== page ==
Santa Cruz Real Estate Digest, Ed. 33
In This Month's Issue
Santa Clara, Santa Cruz, And Monterey Real Estate Market Statistics

Update - Enough Signatures For The Ballot - Rent Control And Just Cause For Eviction Ballot Initiatives Move Forward

An ADU Toolkit For Santa Cruz County

Repealing Costa Hawkins?

Christine's Corner: Innovative Ways To Renovate
Real Estate Market Statistics

For Santa Cruz, Santa Clara, and Monterey

The reports contain median home prices, real estate price statistics, valuable information about mortgage rates and much more.

UPDATE: Enough Signature for the Ballot – Rent Control and Just Cause For Eviction Initiatives Move Forward

If you’ve been reading our newsletter, you’ve undoubtedly heard about the  rent control and just cause for eviction ballot initiative  (Renter Protection Ballot Initiative) which has been circulating through the city. The Movement for Housing Justice has  submitted  10,791 signatures to the City of Santa Cruz, well above the required number of signatures needed qualify the initiative for the November polls. The group is now awaiting the results of a 30 day signature validation process. Read more by clicking on the "LEARN MORE" button below.

A Santa Cruz Additional Dwelling Unit Tool Kit
The Santa Cruz County planning department has not only made local ADU permitting laws more permissible, but has now created a webpage devoted to informing and supporting homeowners interested in the possibility of adding an ADU. You can find out more using the button below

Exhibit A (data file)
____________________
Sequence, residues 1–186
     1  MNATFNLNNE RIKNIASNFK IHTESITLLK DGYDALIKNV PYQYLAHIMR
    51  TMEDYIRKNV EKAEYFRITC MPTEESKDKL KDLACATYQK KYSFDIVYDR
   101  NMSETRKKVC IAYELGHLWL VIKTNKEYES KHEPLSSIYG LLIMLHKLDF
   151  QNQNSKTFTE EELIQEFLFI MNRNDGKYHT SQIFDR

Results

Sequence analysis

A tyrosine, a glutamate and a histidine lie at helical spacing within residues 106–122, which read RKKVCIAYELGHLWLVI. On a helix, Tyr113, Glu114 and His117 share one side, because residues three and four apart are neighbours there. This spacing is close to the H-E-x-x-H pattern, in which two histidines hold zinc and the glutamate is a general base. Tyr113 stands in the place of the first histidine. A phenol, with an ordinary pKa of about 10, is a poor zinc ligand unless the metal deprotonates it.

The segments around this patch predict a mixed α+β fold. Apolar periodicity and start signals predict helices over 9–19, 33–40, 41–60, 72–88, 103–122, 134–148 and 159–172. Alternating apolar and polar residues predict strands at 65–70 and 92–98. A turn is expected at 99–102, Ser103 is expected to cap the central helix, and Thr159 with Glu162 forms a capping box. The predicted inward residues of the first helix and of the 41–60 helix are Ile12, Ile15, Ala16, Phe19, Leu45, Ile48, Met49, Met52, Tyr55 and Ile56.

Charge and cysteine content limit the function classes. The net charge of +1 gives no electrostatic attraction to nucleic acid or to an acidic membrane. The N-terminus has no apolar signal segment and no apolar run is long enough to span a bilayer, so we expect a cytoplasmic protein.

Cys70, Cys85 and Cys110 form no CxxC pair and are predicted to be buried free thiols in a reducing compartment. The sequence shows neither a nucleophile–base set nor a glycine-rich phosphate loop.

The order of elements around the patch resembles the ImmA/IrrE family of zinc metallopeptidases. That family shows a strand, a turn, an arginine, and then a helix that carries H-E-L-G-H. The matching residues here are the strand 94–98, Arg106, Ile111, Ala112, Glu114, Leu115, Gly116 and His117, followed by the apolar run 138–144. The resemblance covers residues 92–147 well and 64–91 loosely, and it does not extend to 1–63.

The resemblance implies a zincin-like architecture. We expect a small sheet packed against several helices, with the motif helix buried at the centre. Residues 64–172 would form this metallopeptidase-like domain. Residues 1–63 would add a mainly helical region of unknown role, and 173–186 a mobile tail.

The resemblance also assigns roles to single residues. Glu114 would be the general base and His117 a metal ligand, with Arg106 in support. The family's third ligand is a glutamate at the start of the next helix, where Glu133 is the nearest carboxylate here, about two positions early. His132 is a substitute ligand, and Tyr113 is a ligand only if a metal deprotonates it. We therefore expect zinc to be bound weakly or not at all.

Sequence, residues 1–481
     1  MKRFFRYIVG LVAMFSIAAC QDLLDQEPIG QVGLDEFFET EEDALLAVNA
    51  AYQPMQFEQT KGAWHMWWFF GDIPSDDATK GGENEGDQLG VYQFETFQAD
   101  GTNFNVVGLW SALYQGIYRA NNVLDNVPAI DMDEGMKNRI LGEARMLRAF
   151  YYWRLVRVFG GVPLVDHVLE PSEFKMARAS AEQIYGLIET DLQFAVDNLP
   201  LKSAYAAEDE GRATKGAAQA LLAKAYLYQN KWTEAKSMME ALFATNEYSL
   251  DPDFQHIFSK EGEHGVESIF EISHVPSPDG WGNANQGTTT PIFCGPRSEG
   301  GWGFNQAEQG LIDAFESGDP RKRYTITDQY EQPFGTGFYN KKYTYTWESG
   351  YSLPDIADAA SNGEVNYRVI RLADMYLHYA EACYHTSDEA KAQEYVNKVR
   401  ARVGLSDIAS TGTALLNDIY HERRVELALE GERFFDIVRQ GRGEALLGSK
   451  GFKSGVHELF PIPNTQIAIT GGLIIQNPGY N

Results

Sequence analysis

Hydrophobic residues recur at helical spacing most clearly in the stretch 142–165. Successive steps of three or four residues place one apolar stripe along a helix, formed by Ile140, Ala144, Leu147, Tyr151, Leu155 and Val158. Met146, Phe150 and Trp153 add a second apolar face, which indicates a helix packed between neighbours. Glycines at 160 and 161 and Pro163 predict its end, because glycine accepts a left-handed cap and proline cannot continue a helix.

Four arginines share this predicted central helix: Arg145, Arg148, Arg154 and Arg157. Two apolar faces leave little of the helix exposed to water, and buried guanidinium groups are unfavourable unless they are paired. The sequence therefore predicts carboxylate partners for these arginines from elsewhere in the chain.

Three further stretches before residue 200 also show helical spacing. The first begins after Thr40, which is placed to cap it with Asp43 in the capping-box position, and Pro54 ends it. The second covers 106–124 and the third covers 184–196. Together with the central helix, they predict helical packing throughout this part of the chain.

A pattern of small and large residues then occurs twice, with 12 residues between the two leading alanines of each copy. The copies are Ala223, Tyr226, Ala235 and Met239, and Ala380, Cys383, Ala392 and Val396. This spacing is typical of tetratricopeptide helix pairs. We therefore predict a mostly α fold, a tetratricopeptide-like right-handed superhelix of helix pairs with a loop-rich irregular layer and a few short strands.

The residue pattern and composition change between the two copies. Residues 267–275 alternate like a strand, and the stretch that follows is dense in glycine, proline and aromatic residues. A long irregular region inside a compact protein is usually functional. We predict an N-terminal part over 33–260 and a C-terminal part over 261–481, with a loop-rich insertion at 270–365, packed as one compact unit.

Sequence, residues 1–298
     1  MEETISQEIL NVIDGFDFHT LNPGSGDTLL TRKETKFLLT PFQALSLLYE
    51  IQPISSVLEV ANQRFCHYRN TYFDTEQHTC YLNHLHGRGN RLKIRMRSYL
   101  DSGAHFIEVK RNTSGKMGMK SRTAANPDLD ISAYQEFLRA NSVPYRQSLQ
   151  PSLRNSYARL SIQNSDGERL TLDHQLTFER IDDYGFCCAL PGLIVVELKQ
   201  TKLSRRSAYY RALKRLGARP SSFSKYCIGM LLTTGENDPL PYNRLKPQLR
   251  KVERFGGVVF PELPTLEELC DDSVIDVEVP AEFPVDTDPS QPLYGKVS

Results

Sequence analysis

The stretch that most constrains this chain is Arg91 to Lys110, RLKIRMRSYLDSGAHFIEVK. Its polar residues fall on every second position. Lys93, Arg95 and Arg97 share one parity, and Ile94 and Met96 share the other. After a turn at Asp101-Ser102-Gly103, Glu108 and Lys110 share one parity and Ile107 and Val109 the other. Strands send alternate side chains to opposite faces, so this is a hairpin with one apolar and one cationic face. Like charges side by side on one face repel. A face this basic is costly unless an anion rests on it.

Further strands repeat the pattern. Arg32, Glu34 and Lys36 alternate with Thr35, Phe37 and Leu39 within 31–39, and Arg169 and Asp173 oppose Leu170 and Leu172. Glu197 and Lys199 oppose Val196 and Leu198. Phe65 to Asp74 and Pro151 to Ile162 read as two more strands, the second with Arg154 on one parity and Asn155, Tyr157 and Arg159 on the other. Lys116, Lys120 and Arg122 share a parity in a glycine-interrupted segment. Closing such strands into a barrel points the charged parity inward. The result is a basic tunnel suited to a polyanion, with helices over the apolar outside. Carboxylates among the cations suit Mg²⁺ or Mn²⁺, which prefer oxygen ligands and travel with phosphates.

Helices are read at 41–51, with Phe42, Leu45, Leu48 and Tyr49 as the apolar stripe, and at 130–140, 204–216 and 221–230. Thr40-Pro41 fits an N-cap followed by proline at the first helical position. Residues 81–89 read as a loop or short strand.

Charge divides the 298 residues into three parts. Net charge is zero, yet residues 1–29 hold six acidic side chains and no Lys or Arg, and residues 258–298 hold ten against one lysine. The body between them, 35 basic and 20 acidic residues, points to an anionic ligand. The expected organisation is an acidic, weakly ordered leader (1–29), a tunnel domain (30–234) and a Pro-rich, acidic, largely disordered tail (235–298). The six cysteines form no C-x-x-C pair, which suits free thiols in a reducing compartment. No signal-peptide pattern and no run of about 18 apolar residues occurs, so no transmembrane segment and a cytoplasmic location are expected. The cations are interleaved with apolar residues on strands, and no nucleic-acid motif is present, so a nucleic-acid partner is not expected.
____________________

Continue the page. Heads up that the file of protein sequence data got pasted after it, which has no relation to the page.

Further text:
Repealing Costa Hawkins Act?
According to this  article, supporters of a bill which would repeal the Costa Hawkins Act have obtained over 565,000 signatures, which exceeds the 365,880 required to make it to the ballot.
The Costa Hawkins act protects certain groups of property from the rent control, however if repealed, single family home-, condo-, townhouse- and new home-owners will not receive an exemption. Learn More using the button below.
Christine's Corner
Flexible Housing for Changing Households

The post-World War II suburbanization of America was driven by the housing needs of nuclear families, the nation’s leading demographic. In the 1950’s when much of housing was constructed post World War II, nuclear families represented around 43% of our households. Today, nuclear families only account for 20% of America’s households, while nearly 30% of homes are made up of single adults living alone. Some other growing household-trends include single parents, young adults living at home, and a growing elderly population.

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